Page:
Namir and Kay have two lovely adult children, Roza and Peter. Roza is named after Namir’s beloved mother who was the Cupid who brought Namir and Kay together.

Namir and Roza

More tomorrow


 Blackbirds singing in the Garden of Europe


Mea Culpa

Frozen River Feale 1963

Totally my fault that the link to this great video didn’t work previously.  I have now made the video public. I am grateful to  Charlie Nolan for alerting me to the problem.

This short video was shot by Jimmy Hickey and digitised by Charlie Nolan. It shows some local people walking and skating on the frozen river. Charlie has accompanied the track with the heavenly voice of Joan Mulvihill, who is far too young to remember the frozen river, singing My Silver River Feale.  It’s well worth a watch. Sorry again for messing it up the first time.

Ballybunion, Cameras, a Lenten Story and Listowel’s Plaza Cinema

Rough Seas at Ballybunion 

Photo: Mike Enright


An Old Ciné Camera

Did you watch the old video footage of the frozen river Feale in 1963

This little film was made by a young Jimmy Hickey on the below Kodak Brownie.

The 8 minute film strip ran reel to reel and when you reached the end you rewound it with the winder shown below.

I think you’ll agree that camera technology has come a long way since 1963.


Some Spring Colour in The Garden of Europe


Reminiscences  from Delia O’Sullivan

Lent and Laughing Gas

By Delia O’Sullivan
(published in Lifelines, an anthology of Writing by the Nine Daughters Creative
Writing Group)

In 1950s Ireland Lent was a
time of penance, prayer and self restraint. For forty days and forty nights we
were encouraged by the nuns to give up sweets – a scarce resource anyway.  We were to give our pennies to the missions
instead. The mission box was adorned with pictures of little naked, smiling shy
black children. It was brought out after morning prayers. Each offering was
carefully recorded. The nun said that this was important, as, on reaching the
half crown mark we would then have bought our own black baby. Michael’s mother
was the local maternity nurse and he did well from all her clients, so he was a
clear winner and the only person to reach the target. Michael was told that he
could now name the baby but we were all very disappointed to learn that the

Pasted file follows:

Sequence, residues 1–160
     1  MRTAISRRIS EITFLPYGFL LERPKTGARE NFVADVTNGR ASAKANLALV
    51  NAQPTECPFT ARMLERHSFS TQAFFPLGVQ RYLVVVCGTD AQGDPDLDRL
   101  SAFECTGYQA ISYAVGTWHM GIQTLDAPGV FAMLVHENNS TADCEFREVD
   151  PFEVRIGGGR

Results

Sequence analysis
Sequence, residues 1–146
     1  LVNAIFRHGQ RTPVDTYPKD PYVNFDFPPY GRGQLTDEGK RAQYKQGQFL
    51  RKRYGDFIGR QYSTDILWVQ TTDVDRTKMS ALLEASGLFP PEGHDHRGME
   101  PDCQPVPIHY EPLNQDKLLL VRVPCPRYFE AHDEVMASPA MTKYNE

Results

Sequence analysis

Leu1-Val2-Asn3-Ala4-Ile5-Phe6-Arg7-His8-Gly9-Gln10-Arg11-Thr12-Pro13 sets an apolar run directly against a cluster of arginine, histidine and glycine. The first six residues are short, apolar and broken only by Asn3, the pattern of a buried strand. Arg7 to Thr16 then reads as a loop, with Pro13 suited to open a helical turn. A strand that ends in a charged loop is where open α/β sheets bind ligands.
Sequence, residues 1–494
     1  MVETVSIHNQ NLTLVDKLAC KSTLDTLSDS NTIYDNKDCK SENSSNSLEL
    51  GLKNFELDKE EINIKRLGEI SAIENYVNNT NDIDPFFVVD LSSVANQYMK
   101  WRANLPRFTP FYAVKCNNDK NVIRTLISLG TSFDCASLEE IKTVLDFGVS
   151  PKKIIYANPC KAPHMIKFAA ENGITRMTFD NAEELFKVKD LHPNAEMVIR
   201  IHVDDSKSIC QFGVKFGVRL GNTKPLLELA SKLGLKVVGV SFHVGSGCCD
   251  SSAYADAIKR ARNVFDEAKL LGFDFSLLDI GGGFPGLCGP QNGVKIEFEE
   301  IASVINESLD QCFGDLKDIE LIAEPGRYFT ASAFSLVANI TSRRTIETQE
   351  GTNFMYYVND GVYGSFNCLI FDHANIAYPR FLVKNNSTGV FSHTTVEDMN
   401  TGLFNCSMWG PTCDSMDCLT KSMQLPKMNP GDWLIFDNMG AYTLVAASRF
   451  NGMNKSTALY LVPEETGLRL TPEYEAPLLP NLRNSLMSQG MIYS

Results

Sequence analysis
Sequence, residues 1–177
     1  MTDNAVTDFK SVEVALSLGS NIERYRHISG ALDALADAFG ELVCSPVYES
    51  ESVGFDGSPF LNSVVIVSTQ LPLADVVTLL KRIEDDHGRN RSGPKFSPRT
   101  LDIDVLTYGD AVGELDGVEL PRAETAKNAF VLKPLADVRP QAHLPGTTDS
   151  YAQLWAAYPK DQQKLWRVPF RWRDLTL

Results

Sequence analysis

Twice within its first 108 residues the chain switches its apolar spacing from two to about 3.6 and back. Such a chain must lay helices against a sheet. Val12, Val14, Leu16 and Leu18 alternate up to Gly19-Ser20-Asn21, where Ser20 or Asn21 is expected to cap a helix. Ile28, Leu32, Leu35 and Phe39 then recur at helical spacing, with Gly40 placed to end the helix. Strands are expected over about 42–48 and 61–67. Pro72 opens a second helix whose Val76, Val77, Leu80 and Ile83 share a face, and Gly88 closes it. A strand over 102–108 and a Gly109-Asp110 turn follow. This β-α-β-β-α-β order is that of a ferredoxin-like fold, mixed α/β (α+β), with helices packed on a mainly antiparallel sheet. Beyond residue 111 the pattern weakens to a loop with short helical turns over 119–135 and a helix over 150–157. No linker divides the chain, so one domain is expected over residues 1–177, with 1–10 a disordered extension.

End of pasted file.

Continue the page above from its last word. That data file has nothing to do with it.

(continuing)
baby would not be travelling. He would stay in Africa. The nun said that maybe
someday Michael would visit him.

When we reached our teens,
we found the dancehalls closed for Lent. The showbands headed for the major
English cities. But every rural village in Ireland had its own dramatic group.
The plays and concerts were not frowned on by the clergy as they brought in
much needed funds for churches and schools. This was a wonderful time for us.
As part of the Irish dancing troupe we travelled on Sunday nights with the
players. We sold raffle tickets, met “fellas” and experienced a freedom that
our parents didn’t even dream of.  We got bolder, inventing concerts in
far-flung area, returning later, saying there was a cancellation.

In 1959 we were student
nurses in London. During Lent we could enjoy the dances and the showband scene
denied in Ireland. But, with only two late passes a week we were restricted.
However we found ways around it – mainly by signing for a late pass in the name
of a fellow student who never went out. One of these was Mrs. Okeke.

As young country girls in
Ireland most of us had never been beyond the nearest small town. In our small
rural Catholic environment, foreigners were the occasional English or American
husband or wife, brought on holidays by an emigrant. They spoke with strange
accents and didn’t seem to understand the rituals of standing and kneeling at
mass. In Ireland I had only ever seen one black person, Prince Monolulu, adorned
with a headdress of feathers and very colorful robes, performing the three card
trick at Listowel Races. We were now part of a multi national society in a huge
teaching hospital. It overlooked Highgate Park where we watched the squirrels
climb trees and nibble at shoots. We also saw a steady flow of visitors to the
grave of Karl Marx in Highgate Cemetery. We integrated well, most of us being
of the same age group.

The exception was four
Nigerian ladies who were older and dour. They never smile. One of them, Mrs
Okeke asked us why we stared and , if we laughed, she called us silly girls. Off
duty, they dress in bright robes and huge turbans. They chewed on sticks to
whiten and strengthen their teeth. They cooked spicy foods on the gas rings
which was supposed to be used only for boiling kettles. When reprimanded by the
Home Sister, they pretended not to understand.

It all came to a head on the
day  the anaethestist was giving us a
demonstration of the different types of anaesthetic. We were encouraged to
participate. As Mrs. Okeke’s hand went up for a demonstration of laughing gas,
we all kept our heads down. A small whiff and she was laughing hysterically,
displaying a number of gold teeth. We laughed until our sides were sore.
Suddenly her face took on its usual dour look but by then we were unable to
stop laughing. She couldn’t retaliate with the anaesthetist present.

Some days later we met her on
her way back from the Matron’s office.  She had been asked to explain why her name had
been signed for seven late passes in a row, even though she was convinced that
she had never had a late pass. Her perplexity deepened when one of us suggested
that she was suffering from the after effects of laughing gas.


Help for a Family who have suffered an appalling tragedy


Remembering The Plaza

During the week I posted an old picture of Listowel’s Plaza/Ozanam Centre. Here is the story behind its construction from Vincent Carmody’s Snapshots of an Irish Market Town


Michael Martin met some local people on his walkabout in town yesterday